Send to

Choose Destination
Rev Gastroenterol Mex. 2012 Apr-Jun;77(2):82-90. doi: 10.1016/j.rgmx.2012.04.002. Epub 2012 Jun 5.

Effect of antispasmodic agents, alone or in combination, in the treatment of Irritable Bowel Syndrome: systematic review and meta-analysis.

Author information

Gastroenterology Unit, Internal Medicine Department, Dr José E González University Hospital, Monterrey, NL, Mexico.



Irritable bowel syndrome (IBS) is characterized by recurrent abdominal pain, bloating, and changes in bowel habit.


To determine the clinical effectiveness of the antispasmodic agents available in Mexico for the treatment of IBS.


We carried out a systematic review and meta-analysis of randomized controlled clinical trials on antispasmodic agents for IBS treatment. Clinical trials identified from January 1960 to May 2011 were searched for in MEDLINE, the Cochrane Library, and in the registry. Treatment response was evaluated by global improvement of symptoms or abdominal pain, abdominal distention/bloating, and frequency of adverse events. The effect of antispasmodics vs placebo was expressed in OR and 95% CI.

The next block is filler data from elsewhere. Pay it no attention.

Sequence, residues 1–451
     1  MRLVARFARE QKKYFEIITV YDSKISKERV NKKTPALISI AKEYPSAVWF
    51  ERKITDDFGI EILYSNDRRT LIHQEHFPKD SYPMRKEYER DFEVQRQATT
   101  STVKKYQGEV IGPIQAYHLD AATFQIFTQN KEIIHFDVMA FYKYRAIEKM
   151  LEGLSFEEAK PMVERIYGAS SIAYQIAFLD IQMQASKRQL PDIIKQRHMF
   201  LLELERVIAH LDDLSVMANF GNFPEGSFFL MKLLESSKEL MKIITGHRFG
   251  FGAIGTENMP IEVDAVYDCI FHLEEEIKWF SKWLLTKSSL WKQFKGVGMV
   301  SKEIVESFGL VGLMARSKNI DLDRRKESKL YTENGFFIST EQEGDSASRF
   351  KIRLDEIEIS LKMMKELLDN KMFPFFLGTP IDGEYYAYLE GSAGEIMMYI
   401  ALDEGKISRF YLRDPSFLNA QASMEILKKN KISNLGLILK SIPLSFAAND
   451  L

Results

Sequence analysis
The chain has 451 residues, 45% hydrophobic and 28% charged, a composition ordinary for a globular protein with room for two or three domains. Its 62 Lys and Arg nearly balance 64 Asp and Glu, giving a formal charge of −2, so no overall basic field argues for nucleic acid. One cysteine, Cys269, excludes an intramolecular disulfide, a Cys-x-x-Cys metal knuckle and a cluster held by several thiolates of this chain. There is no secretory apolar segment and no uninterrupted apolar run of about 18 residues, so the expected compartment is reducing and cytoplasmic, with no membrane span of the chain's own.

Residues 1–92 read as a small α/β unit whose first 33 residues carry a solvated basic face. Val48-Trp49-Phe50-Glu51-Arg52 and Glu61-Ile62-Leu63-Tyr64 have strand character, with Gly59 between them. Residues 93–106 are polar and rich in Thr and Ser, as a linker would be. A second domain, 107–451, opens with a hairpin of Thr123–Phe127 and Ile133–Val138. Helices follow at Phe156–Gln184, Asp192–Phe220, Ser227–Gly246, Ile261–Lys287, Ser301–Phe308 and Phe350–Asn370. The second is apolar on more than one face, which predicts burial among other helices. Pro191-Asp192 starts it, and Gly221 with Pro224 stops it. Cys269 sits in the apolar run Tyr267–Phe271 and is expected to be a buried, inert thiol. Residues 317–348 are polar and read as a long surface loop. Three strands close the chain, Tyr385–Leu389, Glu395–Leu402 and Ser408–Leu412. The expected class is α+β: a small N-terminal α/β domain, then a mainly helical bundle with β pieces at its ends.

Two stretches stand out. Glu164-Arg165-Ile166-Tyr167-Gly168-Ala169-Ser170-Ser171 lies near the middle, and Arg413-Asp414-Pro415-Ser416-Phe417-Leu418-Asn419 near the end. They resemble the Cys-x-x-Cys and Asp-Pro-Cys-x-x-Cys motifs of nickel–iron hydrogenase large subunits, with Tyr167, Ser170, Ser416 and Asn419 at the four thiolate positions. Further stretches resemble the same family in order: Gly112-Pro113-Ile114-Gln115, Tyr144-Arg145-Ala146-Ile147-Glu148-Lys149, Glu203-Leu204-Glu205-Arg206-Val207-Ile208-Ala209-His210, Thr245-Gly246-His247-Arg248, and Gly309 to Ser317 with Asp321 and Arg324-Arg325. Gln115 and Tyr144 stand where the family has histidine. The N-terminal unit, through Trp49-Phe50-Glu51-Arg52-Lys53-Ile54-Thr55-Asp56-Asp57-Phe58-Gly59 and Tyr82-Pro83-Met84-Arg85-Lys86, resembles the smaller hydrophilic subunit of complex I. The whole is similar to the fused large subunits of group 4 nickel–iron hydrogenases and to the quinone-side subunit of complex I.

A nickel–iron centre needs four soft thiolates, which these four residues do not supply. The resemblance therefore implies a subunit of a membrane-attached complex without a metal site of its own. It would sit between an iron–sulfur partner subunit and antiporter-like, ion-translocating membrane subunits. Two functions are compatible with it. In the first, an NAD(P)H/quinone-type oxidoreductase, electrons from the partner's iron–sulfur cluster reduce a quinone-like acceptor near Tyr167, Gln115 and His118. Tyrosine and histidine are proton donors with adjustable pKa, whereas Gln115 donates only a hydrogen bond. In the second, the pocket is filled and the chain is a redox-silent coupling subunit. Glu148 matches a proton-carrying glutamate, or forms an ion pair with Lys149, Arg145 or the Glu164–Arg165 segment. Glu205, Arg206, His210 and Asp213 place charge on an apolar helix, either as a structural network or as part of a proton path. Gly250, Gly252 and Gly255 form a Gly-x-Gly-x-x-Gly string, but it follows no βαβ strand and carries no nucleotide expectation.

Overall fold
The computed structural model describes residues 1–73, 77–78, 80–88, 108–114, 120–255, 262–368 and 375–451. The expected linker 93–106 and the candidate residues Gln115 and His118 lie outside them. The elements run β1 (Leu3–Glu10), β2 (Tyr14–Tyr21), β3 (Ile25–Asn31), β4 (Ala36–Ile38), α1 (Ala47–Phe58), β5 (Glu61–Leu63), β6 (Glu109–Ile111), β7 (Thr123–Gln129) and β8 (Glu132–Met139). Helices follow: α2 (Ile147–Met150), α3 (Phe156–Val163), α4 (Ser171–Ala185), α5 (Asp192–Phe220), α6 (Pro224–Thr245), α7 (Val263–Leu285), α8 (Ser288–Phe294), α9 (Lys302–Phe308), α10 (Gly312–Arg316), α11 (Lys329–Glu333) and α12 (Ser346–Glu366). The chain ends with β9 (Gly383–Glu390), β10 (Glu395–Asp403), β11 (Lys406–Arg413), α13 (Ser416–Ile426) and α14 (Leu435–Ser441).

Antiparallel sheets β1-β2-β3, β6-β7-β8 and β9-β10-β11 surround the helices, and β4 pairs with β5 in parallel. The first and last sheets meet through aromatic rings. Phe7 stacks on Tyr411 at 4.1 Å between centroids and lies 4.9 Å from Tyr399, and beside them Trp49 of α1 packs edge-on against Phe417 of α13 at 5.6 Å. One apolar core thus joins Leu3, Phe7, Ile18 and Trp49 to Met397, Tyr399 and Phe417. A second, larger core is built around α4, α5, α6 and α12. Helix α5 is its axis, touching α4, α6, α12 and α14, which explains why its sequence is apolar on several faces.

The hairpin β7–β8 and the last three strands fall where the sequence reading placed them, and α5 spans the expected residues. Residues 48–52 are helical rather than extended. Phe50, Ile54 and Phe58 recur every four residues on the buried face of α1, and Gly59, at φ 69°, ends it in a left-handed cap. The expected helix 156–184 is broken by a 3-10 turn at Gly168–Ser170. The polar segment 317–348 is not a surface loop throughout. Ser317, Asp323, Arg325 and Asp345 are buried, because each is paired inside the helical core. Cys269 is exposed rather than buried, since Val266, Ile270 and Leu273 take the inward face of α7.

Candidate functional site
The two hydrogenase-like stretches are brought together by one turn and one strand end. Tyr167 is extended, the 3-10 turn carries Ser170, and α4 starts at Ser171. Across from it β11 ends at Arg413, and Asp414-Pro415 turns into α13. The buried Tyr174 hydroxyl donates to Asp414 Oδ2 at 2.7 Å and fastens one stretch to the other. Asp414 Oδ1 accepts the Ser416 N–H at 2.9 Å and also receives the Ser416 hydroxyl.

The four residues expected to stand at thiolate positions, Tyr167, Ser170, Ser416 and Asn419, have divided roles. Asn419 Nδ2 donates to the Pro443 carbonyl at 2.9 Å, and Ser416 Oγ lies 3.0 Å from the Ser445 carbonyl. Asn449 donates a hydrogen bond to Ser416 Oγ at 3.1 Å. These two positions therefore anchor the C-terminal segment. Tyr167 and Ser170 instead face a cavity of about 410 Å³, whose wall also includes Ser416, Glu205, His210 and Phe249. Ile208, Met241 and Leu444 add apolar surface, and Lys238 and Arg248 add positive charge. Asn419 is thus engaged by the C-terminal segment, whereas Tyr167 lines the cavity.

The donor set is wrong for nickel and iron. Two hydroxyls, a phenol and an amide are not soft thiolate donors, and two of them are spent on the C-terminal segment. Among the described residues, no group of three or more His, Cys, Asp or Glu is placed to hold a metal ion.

Twenty-seven studies were identified, 23 of which fulfilled inclusion criteria. The studied agents were pinaverium bromide, mebeverine, otilonium, trimebutine, alverine, hyoscine, alverine/simethicone, pinaverium/simethicone, fenoverine, and dicyclomine. A total of 2585 patients were included in the meta-analysis. Global improvement was 1.55 (CI 95%: 1.33 to 1.83). Otilonium and the alverine/simethicone combination produced significant values in global improvement while the pinaverium/simethicone combination showed improvement in bloating. As for pain, 2394 patients were included with an OR of 1.52 (IC 95%: 1.28 a 1.80), favoring antispasmodics.


Antispasmodics were more effective than placebo in IBS, without any significant adverse events. The addition of simethicone improved the properties of the antispasmodic agents, as seen with the alverine/simethicone and pinaverium/simethicone combinations.

[Indexed for MEDLINE]
Free full text

Supplemental Content

Full text links

Icon for Elsevier Science
Loading ...
Support Center